When you’re apartment hunting, your best opportunity to adequately assess an apartment’s pros and cons is to make an apartment viewing appointment. You’ll meet the leasing agent or property manager of the apartment you’re considering and see for yourself what your potential new home looks like.
As a property manager, I conducted many apartment tours for prospective tenants. Here are three essential things I recommend you to bring to an apartment viewing appointment:
Bring a Digital Camera to Your Apartment Viewing Appointment
The best course of apartment hunting is to view a number of apartment units so you can compare and contrast apartment features and find the apartment that will best suit your needs.
But there is a problem with viewing multiple apartments — only a day or two later you may have already forgotten what you saw where.
Which apartment had the huge kitchen? Was it the one downtown or the one across the street from the park? Which apartment was on the ground floor? Was that the one with the extra bedroom or the one with the extra large hall closet?
Bringing a digital camera or a camera phone to your apartment viewing appointment will allow you to take a few snapshots of the apartment features that stand out to you the most. Later, when you’re comparing apartment features, you’ll be able to look at the pictures to help you remember what you liked most and in which apartment those features were. Having those visual reminders will help you make your decision about which apartment or apartments to apply for.
Here’s a tip I picked up when, as an apartment manager, I took pictures after tenants moved out of apartments in order to document any damages or cleaning charges: Prior to going into an apartment, I photographed the apartment door with the unit number on it. That way, if I did multiple move-out assessments on a single day, I’d easily be able to remember — and prove — which damages were noted in which apartment.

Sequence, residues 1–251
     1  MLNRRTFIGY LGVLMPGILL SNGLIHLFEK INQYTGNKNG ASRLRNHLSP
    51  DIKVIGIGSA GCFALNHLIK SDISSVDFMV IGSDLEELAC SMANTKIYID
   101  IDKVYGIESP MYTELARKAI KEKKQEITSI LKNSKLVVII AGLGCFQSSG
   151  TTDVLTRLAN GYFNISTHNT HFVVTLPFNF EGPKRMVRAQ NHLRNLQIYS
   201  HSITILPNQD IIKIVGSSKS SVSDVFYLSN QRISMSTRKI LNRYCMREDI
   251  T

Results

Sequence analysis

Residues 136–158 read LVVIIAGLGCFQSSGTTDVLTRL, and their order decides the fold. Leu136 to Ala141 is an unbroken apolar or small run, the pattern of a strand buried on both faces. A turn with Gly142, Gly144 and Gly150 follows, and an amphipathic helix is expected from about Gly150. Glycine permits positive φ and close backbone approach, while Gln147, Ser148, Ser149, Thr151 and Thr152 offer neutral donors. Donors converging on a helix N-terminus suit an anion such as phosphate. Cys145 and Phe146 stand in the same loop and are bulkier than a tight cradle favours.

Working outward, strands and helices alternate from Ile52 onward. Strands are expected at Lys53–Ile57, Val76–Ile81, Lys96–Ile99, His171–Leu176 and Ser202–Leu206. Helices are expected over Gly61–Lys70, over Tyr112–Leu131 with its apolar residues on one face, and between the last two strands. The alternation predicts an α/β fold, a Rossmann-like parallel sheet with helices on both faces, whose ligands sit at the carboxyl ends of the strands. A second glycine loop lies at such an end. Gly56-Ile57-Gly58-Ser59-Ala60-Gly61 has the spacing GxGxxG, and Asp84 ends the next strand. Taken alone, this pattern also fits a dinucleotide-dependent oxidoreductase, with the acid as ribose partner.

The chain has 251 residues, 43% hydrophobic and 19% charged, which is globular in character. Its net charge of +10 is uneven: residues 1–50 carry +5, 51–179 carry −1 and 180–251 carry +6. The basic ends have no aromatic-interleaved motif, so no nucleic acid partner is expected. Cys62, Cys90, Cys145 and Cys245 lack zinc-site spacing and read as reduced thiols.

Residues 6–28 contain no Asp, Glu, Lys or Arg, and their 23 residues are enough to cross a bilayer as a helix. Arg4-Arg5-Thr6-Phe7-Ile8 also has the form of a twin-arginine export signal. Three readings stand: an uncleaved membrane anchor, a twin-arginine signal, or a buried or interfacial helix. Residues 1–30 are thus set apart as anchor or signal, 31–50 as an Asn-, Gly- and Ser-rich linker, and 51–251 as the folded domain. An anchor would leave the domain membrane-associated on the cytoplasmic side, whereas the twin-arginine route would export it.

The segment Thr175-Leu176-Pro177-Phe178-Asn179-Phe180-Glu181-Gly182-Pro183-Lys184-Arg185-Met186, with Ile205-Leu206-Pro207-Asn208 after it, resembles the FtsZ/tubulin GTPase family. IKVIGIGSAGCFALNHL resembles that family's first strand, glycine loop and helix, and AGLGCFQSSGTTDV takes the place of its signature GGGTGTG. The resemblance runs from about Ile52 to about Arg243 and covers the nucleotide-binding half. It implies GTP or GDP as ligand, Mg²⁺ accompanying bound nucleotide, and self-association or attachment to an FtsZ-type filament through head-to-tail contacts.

Apply that same practice to your apartment hunting, and photograph the apartment building before you go in, so you’ll be able to definitively remember which pictures go with which apartment community.
And here’s another tip: If you’re snapping pictures with your camera phone and it rings, please don’t answer it. You may only have 15 or 20 minutes of the leasing agent’s time. Don’t waste those precious moments chatting on the phone.
Bring a Measuring Tape to Your Apartment Viewing Appointment
If you’re worried that your oversized couch won’t fit through the apartment door or that your king-sized bed won’t fit in the bedroom, bring your own measuring tape.
Leasing agents may — and should — be able to rattle off room dimensions and doorway widths, but if they can’t, do not rely on them to measure for you and call you later with the numbers. Some agents will remember to do it, some won’t. It’s best to take matters into your own hands and do a quick measurement yourself.
A typical measuring tape is inexpensive and small enough to fit comfortably in a small purse or jeans pocket. It will only take a minute or two to grab a rough width and length measurement of, say, the dining room, so you can make sure your dining room table will fit in it.
Bring a Notepad and Pen to Your Apartment Viewing Appointment
Once you’ve measured the doorway width or room in question, you’ll want to jot the numbers down immediately. Don’t rely on yourself to remember the dimensions. You likely won’t.
Having a small notepad with you for your apartment viewing appointment will also allow you to take notes on the information the leasing agent presents to you. You’ll want to remember, for example, how much the apartment’s security deposit is, how much the application fee is and what the leasing agent’s answers to your questions were. You may also want to jot down any apartment community perks, such as free access to the community workout facilities, or any time-limited special offers, such as a free month’s rent if you apply before the end of the week.
When it comes to finding the right apartment home for you, you can never gather too much information. After all, you’ll probably spend the next 12 months of your life, or more, calling your new apartment home sweet home.
Author Experience in Rental Property Management